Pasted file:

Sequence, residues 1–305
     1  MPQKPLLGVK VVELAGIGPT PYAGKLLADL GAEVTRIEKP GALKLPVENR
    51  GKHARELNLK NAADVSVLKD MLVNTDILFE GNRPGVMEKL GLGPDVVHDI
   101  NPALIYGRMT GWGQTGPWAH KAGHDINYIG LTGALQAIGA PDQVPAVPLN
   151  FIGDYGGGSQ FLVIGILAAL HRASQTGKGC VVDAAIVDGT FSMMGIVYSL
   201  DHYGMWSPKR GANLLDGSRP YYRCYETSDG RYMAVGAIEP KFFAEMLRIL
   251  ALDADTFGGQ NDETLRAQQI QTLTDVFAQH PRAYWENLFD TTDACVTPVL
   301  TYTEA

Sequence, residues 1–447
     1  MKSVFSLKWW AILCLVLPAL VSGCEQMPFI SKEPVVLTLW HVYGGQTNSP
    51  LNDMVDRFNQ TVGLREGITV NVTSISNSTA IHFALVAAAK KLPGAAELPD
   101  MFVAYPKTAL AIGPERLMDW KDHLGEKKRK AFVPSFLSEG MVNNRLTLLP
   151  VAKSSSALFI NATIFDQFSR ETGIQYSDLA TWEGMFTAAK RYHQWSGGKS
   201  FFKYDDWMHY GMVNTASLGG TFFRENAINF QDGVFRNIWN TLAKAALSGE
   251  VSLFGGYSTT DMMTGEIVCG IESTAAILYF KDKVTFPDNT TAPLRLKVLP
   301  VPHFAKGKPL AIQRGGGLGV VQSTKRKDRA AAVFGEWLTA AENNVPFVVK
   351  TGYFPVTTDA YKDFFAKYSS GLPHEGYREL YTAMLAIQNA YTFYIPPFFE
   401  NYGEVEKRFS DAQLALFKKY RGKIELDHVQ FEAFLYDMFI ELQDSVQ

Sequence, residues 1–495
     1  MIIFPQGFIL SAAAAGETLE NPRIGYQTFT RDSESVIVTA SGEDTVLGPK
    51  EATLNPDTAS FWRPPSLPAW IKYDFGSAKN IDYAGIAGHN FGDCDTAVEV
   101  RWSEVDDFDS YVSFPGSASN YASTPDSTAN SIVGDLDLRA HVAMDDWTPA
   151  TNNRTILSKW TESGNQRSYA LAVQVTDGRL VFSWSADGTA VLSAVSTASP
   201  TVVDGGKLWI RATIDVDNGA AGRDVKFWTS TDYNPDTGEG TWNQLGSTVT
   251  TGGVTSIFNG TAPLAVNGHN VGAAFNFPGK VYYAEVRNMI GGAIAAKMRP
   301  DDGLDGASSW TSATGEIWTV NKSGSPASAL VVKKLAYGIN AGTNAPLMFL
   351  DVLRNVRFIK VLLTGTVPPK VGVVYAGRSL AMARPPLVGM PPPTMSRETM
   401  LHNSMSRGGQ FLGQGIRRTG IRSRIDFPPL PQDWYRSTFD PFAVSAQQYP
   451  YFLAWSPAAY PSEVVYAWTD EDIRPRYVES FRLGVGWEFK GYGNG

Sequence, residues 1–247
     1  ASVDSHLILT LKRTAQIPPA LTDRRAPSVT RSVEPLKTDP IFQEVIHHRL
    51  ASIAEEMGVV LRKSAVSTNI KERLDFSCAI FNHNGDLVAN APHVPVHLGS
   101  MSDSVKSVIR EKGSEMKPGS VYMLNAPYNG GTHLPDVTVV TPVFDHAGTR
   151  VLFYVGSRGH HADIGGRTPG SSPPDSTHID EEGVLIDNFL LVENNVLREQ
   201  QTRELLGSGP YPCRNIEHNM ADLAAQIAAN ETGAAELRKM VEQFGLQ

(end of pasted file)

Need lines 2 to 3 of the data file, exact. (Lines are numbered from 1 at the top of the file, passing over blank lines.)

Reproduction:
     1  MPQKPLLGVK VVELAGIGPT PYAGKLLADL GAEVTRIEKP GALKLPVENR
    51  GKHARELNLK NAADVSVLKD MLVNTDILFE GNRPGVMEKL GLGPDVVHDI